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Incorporating sustainable business practices impacts every facet of a firm's operations — from manufacturing to logistics to service and everything in between. And while new regulatory and compliance issues may seem overwhelming or restrictive, leading executives and board members recognize that financial success and sustainability are not mutually exclusive. 

An economist by training, Professor Meghan Busse has always had an interest in studying industrial organization economics and has made it an area of focus in her curriculum at Kellogg where she teaches future business leaders how to assess economics in the way of developing a firm’s strategy.  

We sat down with Professor Busse to learn more about Sustainability Essentials for Leaders, a new Executive Education program dedicated to preparing leaders across the organization to feel confident in assessing, planning, and executing sustainability strategies, and changes. During the three-day program, Busse will help leaders understand how sustainability is changing the way we do business. 

Why is the business of sustainability and climate change such an important topic for a business school to address?   

Almost all of the activities that consume energy and contribute to greenhouse gas emissions are undertaken by firms. Because of this relationship, whatever technologies the brilliant minds of this world are developing; they don’t start to matter for the climate until companies begin to adopt, change and implement them into their day-to-day practices. 

Being at a business school and showing leaders the role that businesses play in this, when they have the power and position as the arbiter for change is incredibly important work to do, and an exciting place to be. 

Why now? And is it now a cross-functional issue?  

In the past, issues surrounding climate change, energy or sustainability were often siloed, and they were the responsibility of one person or small group. But that is changing in a dramatic way. Gone are the days of passing this topic off to someone else. The strategic decisions that need to be made are C-suite and board-level decisions. 

Companies that want to be ahead of the curve should be questioning how their investment strategy needs to shift, how to think about their acquisition strategy differently and what they can do to test and learn now so that in 5, 10, or 15 years, they are prepared for the opportunities that being in the forefront of sustainability will provide.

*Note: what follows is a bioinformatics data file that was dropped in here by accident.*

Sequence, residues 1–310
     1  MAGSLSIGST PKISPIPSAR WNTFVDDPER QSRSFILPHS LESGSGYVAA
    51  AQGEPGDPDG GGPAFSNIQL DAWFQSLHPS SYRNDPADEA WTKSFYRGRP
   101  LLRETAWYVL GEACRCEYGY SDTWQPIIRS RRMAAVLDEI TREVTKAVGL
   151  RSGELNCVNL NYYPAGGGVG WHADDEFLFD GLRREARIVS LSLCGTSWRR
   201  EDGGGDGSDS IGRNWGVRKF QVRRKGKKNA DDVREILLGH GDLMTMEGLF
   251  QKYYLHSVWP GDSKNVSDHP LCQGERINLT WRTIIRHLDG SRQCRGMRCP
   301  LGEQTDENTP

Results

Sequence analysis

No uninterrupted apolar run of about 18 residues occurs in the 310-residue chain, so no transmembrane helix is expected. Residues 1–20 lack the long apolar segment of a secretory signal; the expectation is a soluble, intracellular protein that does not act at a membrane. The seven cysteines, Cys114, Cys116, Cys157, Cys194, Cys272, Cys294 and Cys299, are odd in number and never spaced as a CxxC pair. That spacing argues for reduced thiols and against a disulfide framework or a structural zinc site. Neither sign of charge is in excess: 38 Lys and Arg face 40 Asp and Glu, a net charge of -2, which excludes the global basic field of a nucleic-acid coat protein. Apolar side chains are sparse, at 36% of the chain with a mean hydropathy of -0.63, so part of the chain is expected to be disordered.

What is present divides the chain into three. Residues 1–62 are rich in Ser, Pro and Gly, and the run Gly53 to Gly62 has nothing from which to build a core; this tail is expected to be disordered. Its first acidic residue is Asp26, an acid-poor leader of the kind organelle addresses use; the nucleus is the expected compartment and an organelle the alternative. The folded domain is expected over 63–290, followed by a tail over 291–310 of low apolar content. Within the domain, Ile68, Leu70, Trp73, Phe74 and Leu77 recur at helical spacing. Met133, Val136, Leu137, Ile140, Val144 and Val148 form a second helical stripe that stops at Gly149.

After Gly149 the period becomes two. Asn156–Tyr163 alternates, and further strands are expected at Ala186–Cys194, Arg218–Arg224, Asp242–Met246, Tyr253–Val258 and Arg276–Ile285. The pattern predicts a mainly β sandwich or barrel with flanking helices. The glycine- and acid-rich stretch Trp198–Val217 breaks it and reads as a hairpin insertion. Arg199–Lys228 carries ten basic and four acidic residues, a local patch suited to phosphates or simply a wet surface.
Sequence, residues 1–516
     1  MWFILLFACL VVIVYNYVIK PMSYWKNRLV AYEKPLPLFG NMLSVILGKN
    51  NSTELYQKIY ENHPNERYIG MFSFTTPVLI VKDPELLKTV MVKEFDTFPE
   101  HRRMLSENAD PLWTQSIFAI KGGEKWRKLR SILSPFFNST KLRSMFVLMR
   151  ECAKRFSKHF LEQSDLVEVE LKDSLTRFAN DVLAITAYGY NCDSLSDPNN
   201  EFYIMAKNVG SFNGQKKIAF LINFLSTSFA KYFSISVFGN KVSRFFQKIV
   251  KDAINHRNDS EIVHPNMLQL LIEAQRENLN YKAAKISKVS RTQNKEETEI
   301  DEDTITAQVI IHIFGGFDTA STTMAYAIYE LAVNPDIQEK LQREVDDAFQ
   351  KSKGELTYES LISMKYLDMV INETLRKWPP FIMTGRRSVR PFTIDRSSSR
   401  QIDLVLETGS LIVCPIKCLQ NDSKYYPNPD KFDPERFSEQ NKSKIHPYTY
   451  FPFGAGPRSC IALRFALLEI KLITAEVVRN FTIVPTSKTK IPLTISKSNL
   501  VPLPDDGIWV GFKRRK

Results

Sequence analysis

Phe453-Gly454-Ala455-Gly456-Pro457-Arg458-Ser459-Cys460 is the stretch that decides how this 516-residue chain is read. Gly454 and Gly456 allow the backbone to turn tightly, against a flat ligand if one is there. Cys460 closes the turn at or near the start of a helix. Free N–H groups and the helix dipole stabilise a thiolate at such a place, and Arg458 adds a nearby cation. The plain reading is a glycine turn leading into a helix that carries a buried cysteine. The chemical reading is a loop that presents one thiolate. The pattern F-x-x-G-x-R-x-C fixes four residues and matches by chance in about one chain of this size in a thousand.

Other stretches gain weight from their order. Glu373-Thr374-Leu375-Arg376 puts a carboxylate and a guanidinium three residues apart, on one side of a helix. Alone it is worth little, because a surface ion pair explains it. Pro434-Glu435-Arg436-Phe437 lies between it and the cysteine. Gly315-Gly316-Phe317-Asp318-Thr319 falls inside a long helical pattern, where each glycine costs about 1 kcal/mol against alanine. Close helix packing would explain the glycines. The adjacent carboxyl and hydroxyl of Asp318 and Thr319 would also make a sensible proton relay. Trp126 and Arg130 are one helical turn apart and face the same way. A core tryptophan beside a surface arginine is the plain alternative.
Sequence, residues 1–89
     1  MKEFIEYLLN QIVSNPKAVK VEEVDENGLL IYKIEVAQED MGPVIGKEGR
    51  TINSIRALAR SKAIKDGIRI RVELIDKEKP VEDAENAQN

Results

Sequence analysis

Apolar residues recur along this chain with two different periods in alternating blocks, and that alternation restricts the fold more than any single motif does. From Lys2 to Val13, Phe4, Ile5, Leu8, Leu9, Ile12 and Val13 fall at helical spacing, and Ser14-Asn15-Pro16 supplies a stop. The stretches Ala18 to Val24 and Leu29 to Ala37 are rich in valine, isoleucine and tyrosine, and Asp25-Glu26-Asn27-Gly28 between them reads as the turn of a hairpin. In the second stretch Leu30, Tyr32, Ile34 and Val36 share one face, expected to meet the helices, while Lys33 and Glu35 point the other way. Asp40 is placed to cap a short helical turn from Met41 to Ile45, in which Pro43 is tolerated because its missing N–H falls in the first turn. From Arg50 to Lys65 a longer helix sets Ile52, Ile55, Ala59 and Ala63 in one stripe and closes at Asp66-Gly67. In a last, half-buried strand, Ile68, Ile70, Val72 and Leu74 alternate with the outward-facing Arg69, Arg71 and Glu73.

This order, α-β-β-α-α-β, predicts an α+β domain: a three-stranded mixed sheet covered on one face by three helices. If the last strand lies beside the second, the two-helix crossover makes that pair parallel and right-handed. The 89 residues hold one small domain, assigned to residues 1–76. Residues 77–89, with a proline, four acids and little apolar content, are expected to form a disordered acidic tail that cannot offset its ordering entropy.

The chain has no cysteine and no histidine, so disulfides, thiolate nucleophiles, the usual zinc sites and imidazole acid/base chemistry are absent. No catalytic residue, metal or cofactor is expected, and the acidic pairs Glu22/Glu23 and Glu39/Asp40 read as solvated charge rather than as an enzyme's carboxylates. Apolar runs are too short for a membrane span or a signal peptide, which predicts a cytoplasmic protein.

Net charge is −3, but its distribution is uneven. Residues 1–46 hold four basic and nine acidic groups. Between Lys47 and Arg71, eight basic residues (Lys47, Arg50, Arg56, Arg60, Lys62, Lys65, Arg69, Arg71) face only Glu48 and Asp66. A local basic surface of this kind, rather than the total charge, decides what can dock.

Twenty years ago, we were teaching business leaders about the rise of e-commerce and ten years ago we were talking about the rise of big data and analytics — sustainability is not the area in which a firm should fall behind, so leaders need to be addressing it now.  

What does the new program cover? 

We establish a foundation for sustainable business practices with a focus on reporting and compliance, emerging technologies, regulation and policy, and building and communicating your sustainability strategy. Ultimately, participants will be able to feel confident working on integrated teams that are tackling these very large, organizational issues and changes.   

Participants will gain a better understanding of pressing issues specific to climate change and how they expand across multiple business functions, but more importantly how particular business functions could, and should, play a part in the strategy discussions surrounding short-and-long-term change for their organization’s sustainability practices.   

 Who is the program geared toward?  

This curriculum was developed for C-suite leaders, senior-level executives and individuals holding board positions. The program provides a rich understanding of the topic for leaders who aren’t sustainability experts but who a have responsibility for helping their company adopt sustainable practices that improve long-term performance, or who have recognized a deficit that they feel a responsibility to help close. They will come away with an understanding of how sustainability is a business opportunity and how to implement organizational collaboration and change.   

What are some of the biggest barriers you’ve seen for companies who want to operate more sustainably? How will the program help them take on those challenges?  

I think one of the biggest barriers is the ambiguous relationship between the experimentation and implementation of sustainable practices and short-term profit.  

Businesses need to make investments now to create fruitful, and profitable, options for themselves later, as the threat of climate change becomes larger and larger. It’s understandable that leaders will face pressure from their stakeholders and shareholders, however organizations wanting to make investments now for the long-term, will only be able to do so once the leadership team, and the board representing the shareholders, are aware of the risks to delayed action, and the opportunities that these types of investments provide.  

It’s my goal that this course will change this perception, and instead, create an understanding of how this integrated thinking and experimentation can contribute to longer term value creation. 

Visit the Sustainability Essentials for Leaders program webpage for more information on program content.